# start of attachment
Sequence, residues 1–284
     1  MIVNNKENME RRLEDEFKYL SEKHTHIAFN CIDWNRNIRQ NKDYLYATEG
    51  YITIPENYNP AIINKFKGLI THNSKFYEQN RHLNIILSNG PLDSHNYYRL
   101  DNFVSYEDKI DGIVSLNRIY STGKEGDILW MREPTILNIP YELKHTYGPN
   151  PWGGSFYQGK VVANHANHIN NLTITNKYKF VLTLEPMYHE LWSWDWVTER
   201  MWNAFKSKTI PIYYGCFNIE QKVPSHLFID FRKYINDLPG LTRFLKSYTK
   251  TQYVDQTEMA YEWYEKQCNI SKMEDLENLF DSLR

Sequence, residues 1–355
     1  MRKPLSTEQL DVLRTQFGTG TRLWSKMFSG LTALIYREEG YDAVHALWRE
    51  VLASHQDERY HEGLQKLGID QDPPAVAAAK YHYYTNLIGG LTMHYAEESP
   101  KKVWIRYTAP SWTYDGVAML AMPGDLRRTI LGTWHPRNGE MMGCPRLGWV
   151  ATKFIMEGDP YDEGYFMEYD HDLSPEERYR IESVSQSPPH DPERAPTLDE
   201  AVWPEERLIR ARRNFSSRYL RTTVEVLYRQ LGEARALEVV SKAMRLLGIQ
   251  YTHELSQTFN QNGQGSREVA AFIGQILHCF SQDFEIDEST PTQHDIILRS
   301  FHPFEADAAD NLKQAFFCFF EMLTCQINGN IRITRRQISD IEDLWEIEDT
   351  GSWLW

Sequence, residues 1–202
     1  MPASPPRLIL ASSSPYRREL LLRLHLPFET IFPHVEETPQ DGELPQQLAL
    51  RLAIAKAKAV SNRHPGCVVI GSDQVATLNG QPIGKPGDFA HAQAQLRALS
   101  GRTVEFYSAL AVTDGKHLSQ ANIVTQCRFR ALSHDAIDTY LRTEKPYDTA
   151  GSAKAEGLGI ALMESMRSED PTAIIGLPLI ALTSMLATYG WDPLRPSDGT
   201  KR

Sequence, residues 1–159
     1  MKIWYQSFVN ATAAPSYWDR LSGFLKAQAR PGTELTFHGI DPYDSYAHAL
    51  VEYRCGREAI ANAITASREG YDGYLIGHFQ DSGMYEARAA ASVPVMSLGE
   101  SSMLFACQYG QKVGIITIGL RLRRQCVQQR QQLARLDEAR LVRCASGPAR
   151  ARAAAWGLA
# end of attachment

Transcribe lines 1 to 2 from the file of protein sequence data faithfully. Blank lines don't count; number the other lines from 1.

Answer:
Sequence, residues 1–284
     1  MIVNNKENME RRLEDEFKYL SEKHTHIAFN CIDWNRNIRQ NKDYLYATEG